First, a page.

Hum 112 Voltaire’s Candide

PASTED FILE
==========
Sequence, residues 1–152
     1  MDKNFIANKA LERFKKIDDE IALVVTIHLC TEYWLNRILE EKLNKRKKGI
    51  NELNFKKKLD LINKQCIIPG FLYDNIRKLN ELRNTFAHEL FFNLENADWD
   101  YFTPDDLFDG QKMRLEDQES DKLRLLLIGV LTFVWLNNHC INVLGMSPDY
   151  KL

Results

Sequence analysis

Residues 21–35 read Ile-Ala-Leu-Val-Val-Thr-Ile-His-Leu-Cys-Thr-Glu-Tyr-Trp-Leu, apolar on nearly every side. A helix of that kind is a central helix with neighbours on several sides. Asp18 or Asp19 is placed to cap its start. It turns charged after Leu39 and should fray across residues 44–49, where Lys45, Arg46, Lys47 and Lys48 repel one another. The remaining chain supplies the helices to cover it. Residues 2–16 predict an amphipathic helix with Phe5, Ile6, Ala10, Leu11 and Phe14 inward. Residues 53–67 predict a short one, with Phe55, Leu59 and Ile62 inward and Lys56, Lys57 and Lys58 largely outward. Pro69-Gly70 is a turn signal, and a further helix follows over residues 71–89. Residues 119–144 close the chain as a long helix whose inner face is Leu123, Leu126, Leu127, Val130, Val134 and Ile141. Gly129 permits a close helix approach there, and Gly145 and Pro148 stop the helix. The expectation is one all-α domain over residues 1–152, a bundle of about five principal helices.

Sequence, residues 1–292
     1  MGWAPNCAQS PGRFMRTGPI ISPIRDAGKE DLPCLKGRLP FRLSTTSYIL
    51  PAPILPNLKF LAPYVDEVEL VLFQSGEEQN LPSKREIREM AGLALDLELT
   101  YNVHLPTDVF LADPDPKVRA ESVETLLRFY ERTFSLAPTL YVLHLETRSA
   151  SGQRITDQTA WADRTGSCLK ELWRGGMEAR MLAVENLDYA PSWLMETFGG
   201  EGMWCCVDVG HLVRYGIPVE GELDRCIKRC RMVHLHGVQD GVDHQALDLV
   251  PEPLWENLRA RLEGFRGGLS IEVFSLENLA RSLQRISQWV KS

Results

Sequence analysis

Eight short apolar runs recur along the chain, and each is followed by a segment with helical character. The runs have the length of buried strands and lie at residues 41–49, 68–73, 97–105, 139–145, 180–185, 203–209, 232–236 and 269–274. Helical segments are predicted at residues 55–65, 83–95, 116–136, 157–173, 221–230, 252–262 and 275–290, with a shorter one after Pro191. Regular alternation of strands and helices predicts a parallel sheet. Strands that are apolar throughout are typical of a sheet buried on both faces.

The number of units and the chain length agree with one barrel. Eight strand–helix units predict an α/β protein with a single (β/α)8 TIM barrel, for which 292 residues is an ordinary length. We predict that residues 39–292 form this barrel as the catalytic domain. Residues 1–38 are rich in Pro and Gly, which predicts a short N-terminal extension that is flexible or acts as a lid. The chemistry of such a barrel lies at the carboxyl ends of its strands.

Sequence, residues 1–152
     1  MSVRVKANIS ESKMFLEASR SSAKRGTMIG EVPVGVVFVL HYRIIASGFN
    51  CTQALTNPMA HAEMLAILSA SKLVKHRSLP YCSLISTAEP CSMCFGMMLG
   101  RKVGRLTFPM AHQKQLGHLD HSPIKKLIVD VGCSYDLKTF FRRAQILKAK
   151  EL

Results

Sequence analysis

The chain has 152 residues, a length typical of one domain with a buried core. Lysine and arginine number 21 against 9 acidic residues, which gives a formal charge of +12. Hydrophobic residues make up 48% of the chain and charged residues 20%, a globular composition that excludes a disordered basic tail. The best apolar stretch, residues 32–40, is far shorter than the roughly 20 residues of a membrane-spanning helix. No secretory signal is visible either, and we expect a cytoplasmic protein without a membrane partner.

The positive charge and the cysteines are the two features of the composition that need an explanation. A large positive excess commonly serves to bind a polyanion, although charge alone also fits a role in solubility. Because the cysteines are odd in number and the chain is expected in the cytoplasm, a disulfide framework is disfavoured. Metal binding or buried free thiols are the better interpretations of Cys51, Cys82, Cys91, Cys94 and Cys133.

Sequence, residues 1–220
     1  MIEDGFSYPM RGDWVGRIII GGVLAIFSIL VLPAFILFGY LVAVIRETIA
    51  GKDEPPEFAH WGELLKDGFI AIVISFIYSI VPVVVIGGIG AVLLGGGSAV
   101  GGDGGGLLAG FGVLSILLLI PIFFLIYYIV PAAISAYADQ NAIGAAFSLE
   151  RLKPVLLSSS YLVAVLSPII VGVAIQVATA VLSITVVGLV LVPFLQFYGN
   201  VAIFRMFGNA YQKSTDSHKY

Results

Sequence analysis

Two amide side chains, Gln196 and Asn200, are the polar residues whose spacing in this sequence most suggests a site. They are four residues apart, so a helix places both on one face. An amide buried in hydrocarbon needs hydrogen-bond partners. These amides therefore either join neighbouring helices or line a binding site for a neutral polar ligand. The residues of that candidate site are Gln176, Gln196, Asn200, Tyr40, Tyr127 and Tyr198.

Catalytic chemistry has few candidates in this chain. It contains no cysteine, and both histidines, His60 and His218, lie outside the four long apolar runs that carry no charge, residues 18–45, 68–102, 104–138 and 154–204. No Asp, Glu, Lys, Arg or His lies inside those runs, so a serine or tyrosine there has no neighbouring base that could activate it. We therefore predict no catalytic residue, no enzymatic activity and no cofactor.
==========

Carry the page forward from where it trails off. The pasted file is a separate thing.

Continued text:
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Voltaire’s Candide Assignment 1: Reading Selection: Voltaire’s Candide REDACTED Dr. Davis HUM 112 July 27, 2014 Introduction Francois-Marie Arouet was a Parisian philosopher. Using the pen name Voltaire, he wrote “plays, novels, poems, and history” (Sayre, 2012, p. 815). Being a pessimist provided him the creativeness to write his greatest work named Candide. Chapter 6: An Act of Faith There are two surprise endings. One surprise ending came when Dr. Pangloss was taken away for unknown reasons or was selected along with Candice at random. I’m presuming it was for speaking his optimistic opinions against local ideals. The other surprise ending came when another earthquake occurred approximately a week after human sacrifices had concluded. The point of realization came when Candice deliberated the outcome of why Pangloss was hanged however, he may have resigned to accepting it as the people of Lisbon being evil and ignorant. Candice had previously discovered “a world filled with stupidity, plagued by evil, mired in ignorance...” (Sayre, p. 817). Additionally, another earthquake happened just over a week later even though an auto-de-fe was carried out to prevent earthquakes. The author somewhat convinced me of the surprise ending. However, confining both men for crimes that were not similar to the Biscayan and two Portuguese prevented me from accepting the full value of the surprise ending. The chapter does not give an indication of the reason for Pangloss being hanged versus being burned. Chapter 28: The Resurrection of Pangloss The surprise ending came with the ‘reappearance’ of Pangloss and more than likely instilled his theory that everything happens for the best. If not for his pessimism, I believe he would be seeking revenge for his hanging. The point of realization came when Pangloss tells his story as if accepting his hanging. When
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